|“||One of the kids I was paired up with was a musician. Here I was, a protected suburbanite, and he was just 17 and had all these problems. And no one could write a manual on how to save him.||”|
Slade claims that the song is about all of the people that tried to reach out to the boy but were unsuccessful. As Slade says in an interview, the boy’s friends and family approached him by saying, “Quit [the problem behavior] or I won’t talk to you again,” but all he needed was some support. The verses of the song describe an attempt by an adult to confront a troubled teen. In the chorus, the singer laments that he himself was unable to save a friend because he did not know how.
While this was the original intent of the song, the band has opened the song to interpretation. They created a website where fans were welcome to submit music videos they had made for the song. This arose from the response that Slade got from the song:
|“||I got a lot of e-mails about it (…) One kid died in a car accident, and I guess it had been the last song he downloaded from his computer. They played it at his funeral, and some of his friends got Save a life tattooed on their arms. The response has been overwhelming.||”|
From an interview with Isaac Slade, lead singer of the Fray, by Bob Wilson in Sauce, Slade was asked, “How to Save a Life, was apparently inspired by an experience you had to as a mentor to a kid who had a drug problem. What’s the story behind that?” Slade answered:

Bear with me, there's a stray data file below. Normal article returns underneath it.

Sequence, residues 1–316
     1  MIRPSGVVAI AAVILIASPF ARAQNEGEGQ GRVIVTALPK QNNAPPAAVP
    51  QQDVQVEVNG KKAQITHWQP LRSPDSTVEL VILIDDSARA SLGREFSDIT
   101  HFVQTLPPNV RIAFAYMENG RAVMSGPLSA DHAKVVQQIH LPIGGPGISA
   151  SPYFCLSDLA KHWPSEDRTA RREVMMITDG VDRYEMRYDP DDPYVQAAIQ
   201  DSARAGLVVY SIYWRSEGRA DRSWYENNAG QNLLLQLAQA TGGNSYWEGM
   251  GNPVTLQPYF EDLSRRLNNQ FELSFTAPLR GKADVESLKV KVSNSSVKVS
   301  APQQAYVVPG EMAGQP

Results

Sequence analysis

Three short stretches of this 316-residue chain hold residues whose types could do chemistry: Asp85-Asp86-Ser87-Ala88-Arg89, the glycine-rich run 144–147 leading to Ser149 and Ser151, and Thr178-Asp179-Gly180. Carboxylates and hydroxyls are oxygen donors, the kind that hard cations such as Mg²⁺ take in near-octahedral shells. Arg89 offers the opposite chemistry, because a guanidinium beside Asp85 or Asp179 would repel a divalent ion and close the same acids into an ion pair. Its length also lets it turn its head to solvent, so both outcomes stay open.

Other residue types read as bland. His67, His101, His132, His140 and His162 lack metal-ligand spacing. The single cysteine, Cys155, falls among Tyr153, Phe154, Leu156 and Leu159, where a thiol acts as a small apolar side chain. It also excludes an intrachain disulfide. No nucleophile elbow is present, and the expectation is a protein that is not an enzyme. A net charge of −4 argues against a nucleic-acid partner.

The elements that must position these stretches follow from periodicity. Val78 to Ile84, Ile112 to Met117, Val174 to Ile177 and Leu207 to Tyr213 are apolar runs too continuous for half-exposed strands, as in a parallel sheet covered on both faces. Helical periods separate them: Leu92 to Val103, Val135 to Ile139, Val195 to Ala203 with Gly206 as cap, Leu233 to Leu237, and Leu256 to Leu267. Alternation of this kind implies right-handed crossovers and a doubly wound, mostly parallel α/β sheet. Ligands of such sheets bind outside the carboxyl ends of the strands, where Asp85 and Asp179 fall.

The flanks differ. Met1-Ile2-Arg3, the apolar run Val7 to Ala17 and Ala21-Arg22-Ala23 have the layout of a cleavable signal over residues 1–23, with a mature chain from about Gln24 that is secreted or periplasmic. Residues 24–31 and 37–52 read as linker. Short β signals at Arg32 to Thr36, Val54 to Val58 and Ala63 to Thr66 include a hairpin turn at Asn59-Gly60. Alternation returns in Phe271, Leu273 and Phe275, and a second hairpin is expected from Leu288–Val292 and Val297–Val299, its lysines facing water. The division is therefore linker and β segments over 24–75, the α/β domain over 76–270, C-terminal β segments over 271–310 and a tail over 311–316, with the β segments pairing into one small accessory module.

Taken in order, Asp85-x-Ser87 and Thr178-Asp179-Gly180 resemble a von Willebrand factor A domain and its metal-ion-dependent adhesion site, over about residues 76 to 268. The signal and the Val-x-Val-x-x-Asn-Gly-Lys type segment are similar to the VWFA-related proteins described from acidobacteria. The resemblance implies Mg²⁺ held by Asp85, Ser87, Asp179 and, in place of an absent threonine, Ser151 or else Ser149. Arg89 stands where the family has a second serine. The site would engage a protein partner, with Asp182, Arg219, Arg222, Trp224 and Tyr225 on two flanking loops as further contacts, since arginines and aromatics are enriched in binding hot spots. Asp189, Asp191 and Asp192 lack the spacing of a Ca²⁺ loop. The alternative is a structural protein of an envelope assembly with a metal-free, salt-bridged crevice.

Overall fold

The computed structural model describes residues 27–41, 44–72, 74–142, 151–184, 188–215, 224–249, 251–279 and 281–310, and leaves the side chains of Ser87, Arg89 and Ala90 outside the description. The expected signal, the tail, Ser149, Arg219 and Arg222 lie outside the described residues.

|“||Well there’s a group home here in Denver called Shelterwood, and it takes in kids who’ve had a tough time; their parents don’t want to send them to jail, but they can’t keep track of them themselves… A friend of mine was actually the president for that particular school, so he asked Joe and I to come up for one of their weekend retreats… I was paired up with one kid in particular. His story was just amazing – all the relationships that he had put at risk because of the decisions he made, and eventually losing the relationships…the cost of his lifestyle and his choices, and kind of relating them to my own life and my own stories; seeing all the relationships I’ve threatened for one reason or another. It was a really inspiring weekend.